Presentation Title

Investigating the Effect of Manganese Mutation Rate in E.coli Strain CSH104

Faculty Mentor

Dr. Paul Lee

Start Date

17-11-2018 8:30 AM

End Date

17-11-2018 10:30 AM

Location

CREVELING 65

Session

POSTER 1

Type of Presentation

Poster

Subject Area

biological_agricultural_sciences

Abstract

Under excessive amounts of hydrogen peroxide, a cell will activate genes to protect itself against oxidation or oxidative stress. Escherichia coli will react in a similar manner and activate genes that code for mntH, a manganese import protein, to protect themselves from this stress. Manganese is a redox cofactor that is thought to help protect proteins from oxidative damage. Our goal is to understand the role manganese may have in DNA damage and repair. In this study, we have knocked out the mntH gene in a reporter strain of E.coli CSH104, which is sensitive to GC to TA transversions in DNA. We utilized the Lambda Red system, a special recombination system that insert a linear piece of DNA containing the kanamycin gene into the E.coli's genomic DNA, replacing the mntH gene. E. coli strains CSH104 and DH5-α were transformed and allowed for the recombination to occur. Colonies were seen for both E. coli strains on kanamycin plates, indicating successful knockouts. Growth curves were generated for wildtype and mutants of both CSH104 and DH5-α in the presence and absence of hydrogen peroxide. The results indicate that the mntH knockout grows more slowly than the wild type in the presence of hydrogen peroxide, which supports our hypothesis that mntH protects E.coli against oxidative stress. Finally, we present the results of the lac reversion assay to measure mutation rates in E.coli strain CSH104. The assay works by a single base substitution in lacZ gene which changes a single amino acid, making the protein non-functional.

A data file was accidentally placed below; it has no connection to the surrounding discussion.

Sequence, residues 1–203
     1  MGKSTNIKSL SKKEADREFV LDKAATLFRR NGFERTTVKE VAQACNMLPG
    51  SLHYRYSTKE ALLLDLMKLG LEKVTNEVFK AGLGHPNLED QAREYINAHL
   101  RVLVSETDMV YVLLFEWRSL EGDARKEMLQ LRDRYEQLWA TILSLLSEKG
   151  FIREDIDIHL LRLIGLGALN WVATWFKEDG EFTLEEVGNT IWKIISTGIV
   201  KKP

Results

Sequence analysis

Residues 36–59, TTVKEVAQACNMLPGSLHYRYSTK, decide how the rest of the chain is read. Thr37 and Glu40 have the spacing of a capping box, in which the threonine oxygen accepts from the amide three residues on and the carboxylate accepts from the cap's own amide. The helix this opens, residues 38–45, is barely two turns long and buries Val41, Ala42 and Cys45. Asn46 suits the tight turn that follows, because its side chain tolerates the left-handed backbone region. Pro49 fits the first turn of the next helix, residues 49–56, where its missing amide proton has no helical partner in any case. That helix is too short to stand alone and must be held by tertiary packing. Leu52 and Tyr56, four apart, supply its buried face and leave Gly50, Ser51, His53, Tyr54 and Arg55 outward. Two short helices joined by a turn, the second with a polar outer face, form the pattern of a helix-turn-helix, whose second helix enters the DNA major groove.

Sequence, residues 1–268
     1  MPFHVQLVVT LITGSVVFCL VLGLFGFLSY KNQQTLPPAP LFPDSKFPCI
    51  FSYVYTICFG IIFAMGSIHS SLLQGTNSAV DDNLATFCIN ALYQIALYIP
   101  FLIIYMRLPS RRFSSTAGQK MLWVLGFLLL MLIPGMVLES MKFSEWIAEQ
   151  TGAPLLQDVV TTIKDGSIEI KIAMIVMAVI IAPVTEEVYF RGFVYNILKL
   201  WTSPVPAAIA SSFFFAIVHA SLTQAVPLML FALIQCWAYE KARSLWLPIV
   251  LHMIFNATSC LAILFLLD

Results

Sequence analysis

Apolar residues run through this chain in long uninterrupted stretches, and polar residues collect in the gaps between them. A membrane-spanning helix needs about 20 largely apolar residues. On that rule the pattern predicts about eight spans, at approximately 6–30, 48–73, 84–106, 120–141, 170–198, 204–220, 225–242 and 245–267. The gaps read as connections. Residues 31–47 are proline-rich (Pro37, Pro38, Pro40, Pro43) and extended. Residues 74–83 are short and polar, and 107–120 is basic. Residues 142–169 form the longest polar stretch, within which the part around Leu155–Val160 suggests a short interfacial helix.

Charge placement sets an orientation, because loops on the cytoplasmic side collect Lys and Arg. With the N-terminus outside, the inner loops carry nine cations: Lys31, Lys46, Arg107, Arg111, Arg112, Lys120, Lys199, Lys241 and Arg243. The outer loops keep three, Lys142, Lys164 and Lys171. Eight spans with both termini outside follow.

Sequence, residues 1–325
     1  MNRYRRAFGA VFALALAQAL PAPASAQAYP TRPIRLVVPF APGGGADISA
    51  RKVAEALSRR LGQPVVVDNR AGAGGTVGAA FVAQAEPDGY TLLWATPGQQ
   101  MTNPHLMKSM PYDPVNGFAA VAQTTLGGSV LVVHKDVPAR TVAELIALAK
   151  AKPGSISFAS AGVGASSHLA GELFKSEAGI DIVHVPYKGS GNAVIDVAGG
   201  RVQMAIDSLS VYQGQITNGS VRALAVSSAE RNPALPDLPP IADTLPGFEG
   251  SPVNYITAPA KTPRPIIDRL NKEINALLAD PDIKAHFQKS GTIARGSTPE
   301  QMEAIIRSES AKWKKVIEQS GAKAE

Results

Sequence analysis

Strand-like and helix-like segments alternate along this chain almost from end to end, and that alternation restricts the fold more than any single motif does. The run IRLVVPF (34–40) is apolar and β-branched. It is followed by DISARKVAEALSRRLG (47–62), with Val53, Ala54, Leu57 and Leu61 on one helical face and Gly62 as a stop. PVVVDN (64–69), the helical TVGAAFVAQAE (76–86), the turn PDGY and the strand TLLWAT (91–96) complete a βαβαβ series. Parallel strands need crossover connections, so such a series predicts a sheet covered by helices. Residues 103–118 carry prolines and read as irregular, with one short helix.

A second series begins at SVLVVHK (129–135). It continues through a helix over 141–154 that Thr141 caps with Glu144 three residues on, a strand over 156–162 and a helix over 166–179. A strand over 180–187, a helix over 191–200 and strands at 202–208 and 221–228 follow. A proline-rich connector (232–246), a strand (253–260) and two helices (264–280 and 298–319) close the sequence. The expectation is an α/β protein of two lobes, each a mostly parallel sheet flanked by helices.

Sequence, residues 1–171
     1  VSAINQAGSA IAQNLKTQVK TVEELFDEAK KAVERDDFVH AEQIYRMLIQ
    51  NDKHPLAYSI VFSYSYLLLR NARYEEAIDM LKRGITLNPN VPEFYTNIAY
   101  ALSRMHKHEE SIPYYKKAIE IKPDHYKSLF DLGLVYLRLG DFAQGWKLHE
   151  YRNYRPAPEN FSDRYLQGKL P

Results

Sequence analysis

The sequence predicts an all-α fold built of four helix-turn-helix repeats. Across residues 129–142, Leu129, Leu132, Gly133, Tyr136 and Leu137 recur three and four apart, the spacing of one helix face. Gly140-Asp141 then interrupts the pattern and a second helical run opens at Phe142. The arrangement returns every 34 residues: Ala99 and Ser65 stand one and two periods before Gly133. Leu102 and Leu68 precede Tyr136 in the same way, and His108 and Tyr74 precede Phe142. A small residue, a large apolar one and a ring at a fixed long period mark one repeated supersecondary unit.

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Nov 17th, 8:30 AM Nov 17th, 10:30 AM

Investigating the Effect of Manganese Mutation Rate in E.coli Strain CSH104

CREVELING 65

Under excessive amounts of hydrogen peroxide, a cell will activate genes to protect itself against oxidation or oxidative stress. Escherichia coli will react in a similar manner and activate genes that code for mntH, a manganese import protein, to protect themselves from this stress. Manganese is a redox cofactor that is thought to help protect proteins from oxidative damage. Our goal is to understand the role manganese may have in DNA damage and repair. In this study, we have knocked out the mntH gene in a reporter strain of E.coli CSH104, which is sensitive to GC to TA transversions in DNA. We utilized the Lambda Red system, a special recombination system that insert a linear piece of DNA containing the kanamycin gene into the E.coli's genomic DNA, replacing the mntH gene. E. coli strains CSH104 and DH5-α were transformed and allowed for the recombination to occur. Colonies were seen for both E. coli strains on kanamycin plates, indicating successful knockouts. Growth curves were generated for wildtype and mutants of both CSH104 and DH5-α in the presence and absence of hydrogen peroxide. The results indicate that the mntH knockout grows more slowly than the wild type in the presence of hydrogen peroxide, which supports our hypothesis that mntH protects E.coli against oxidative stress. Finally, we present the results of the lac reversion assay to measure mutation rates in E.coli strain CSH104. The assay works by a single base substitution in lacZ gene which changes a single amino acid, making the protein non-functional.